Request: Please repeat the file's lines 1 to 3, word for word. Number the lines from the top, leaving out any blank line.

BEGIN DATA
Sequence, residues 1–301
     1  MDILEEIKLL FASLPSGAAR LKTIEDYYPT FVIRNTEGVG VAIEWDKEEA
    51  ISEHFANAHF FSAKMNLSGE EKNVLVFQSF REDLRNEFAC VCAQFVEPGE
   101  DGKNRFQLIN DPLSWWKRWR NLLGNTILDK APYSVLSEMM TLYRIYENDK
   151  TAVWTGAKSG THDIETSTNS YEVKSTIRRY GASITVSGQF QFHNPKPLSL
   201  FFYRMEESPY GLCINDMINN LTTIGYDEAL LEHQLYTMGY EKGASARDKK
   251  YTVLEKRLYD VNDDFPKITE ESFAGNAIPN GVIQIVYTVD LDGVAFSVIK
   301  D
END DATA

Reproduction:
Sequence, residues 1–301
     1  MDILEEIKLL FASLPSGAAR LKTIEDYYPT FVIRNTEGVG VAIEWDKEEA
    51  ISEHFANAHF FSAKMNLSGE EKNVLVFQSF REDLRNEFAC VCAQFVEPGE